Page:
On Tuesday, August 21, incarcerated people across the United States and Canada began a 19-day strike in response to the riot at Lee Correctional Institution in South Carolina and to call out the horrendous conditions they face in prison facilities. The Lee Correctional Institution incident took place on April 15 and resulted in seven deaths and injuries to 22 other people. The current protest includes “men and women in federal, immigration, and state prisons” and is set to end on the anniversary of the Attica Correctional Facility uprising in 1971 that resulted in the death of 33 incarcerated men.
The prison conditions that these individuals are protesting include the underpaid labor – that has been likened to slavery – the physical conditions of the facilities, and the rampant dehumanization that individuals face across these nations. The strike also calls out the fact that incarcerated peoples’ access to the legal system is limited by the Prison Litigation Reform Act, which forces incarcerated individuals to complete internal grievance processes before they are able to bring a case to the judicial system.
Importantly, the strike also addresses “Death by Incarceration” – referring to the fact that many people face sentences that will ensure that they will be incarcerated for the rest of their lives and without any possibility of parole. Sentences like these are not only demoralizing, but are levied at individuals without any consideration of rehabilitation or reformation.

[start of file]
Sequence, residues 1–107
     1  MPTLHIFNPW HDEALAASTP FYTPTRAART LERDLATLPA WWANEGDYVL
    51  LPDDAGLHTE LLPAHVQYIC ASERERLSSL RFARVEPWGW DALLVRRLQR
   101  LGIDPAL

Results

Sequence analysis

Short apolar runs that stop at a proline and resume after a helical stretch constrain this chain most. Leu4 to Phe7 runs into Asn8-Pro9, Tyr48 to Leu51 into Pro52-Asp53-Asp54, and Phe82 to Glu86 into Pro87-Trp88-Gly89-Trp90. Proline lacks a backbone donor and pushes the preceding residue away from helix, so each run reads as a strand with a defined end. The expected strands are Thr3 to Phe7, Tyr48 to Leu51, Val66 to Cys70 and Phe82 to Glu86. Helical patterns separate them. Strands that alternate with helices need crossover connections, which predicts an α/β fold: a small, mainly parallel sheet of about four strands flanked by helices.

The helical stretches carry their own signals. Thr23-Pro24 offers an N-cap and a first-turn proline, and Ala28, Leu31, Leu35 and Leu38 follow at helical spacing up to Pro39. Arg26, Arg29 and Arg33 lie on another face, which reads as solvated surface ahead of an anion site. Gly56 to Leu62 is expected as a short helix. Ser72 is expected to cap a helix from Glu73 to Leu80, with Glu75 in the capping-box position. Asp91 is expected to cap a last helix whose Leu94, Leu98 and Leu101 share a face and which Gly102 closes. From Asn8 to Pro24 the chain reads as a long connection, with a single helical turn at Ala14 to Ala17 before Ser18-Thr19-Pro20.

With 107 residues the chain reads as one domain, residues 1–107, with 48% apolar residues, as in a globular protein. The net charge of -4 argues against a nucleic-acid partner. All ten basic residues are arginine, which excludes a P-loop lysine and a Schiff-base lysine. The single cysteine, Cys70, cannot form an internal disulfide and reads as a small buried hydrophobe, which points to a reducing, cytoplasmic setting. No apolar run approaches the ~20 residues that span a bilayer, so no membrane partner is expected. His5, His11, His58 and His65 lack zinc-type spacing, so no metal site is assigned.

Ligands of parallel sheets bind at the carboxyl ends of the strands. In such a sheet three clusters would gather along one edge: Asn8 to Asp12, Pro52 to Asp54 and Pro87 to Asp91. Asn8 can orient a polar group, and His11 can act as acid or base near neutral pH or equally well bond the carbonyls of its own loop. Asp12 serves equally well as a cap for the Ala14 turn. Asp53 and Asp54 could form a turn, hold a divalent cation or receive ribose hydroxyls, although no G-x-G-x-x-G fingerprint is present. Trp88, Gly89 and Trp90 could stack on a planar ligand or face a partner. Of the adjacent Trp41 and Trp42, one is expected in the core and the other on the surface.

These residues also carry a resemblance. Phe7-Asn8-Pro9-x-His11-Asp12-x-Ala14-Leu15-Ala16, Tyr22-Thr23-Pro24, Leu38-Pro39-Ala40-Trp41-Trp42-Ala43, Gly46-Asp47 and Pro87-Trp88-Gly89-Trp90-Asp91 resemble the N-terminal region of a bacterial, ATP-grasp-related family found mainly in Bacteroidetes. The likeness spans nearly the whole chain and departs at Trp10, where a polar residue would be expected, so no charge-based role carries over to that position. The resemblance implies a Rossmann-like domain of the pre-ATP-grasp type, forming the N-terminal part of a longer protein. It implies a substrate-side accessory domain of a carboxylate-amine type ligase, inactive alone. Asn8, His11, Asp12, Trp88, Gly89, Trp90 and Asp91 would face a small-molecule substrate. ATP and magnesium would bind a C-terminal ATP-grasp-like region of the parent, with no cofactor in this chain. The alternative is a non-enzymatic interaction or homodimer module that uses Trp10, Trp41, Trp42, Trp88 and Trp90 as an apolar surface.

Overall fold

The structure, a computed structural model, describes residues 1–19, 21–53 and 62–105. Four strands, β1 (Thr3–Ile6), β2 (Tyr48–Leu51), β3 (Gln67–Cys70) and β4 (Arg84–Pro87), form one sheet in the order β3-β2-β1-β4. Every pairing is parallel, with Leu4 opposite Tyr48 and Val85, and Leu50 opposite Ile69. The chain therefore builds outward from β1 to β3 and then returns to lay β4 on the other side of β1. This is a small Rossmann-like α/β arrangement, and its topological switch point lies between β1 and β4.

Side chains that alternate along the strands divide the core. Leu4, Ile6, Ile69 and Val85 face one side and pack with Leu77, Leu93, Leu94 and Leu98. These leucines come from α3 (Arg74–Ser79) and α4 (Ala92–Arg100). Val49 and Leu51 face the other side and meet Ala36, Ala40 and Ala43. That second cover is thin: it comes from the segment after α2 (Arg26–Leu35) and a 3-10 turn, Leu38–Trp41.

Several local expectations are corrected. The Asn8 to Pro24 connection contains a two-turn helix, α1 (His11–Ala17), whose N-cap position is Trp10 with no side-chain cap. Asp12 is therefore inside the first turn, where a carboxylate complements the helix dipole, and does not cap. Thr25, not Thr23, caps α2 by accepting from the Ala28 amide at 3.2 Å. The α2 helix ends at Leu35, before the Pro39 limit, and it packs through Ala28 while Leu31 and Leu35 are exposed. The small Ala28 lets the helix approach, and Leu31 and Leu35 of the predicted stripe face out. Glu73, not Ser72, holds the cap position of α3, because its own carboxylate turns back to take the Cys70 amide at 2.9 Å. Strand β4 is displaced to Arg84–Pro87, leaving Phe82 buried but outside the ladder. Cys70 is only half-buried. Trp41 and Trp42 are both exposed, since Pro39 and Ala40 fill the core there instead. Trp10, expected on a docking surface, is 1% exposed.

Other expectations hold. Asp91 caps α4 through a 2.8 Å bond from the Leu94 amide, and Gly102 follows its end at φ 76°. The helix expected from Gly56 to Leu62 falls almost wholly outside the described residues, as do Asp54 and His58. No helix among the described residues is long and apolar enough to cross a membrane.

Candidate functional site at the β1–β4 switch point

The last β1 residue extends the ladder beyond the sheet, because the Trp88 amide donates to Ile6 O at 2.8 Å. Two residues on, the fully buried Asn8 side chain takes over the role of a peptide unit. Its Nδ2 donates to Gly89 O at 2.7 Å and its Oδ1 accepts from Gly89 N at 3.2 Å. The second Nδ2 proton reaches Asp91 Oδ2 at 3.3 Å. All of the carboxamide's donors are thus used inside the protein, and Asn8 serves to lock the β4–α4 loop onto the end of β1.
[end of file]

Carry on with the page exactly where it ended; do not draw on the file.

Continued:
In full, the ten demands of the strike are:
- Immediate improvements to the conditions of prisons and prison policies that recognize the humanity of imprisoned men and women.
- An immediate end to prison slavery. All persons imprisoned in any place of detention under United States jurisdiction must be paid the prevailing wage in their state or territory for their labor.
- The Prison Litigation Reform Act must be rescinded, allowing imprisoned humans a proper channel to address grievances and violations of their rights.
- The Truth in Sentencing Act and the Sentencing Reform Act must be rescinded so that imprisoned humans have a possibility of rehabilitation and parole. No human shall be sentenced to Death by Incarceration or serve any sentence without the possibility of parole.
- An immediate end to the racial overcharging, over-sentencing, and parole denials of Black and brown humans. Black humans shall no longer be denied parole because the victim of the crime was white, which is a particular problem in southern states.
- An immediate end to racist gang enhancement laws targeting Black and brown humans.
- No imprisoned human shall be denied access to rehabilitation programs at their place of detention because of their label as a violent offender.
- State prisons must be funded specifically to offer more rehabilitation services.
- Pell grants must be reinstated in all US states and territories.
- The voting rights of all confined citizens serving prison sentences, pretrial detainees, and so-called “ex-felons” must be counted. Representation is demanded. All voices count!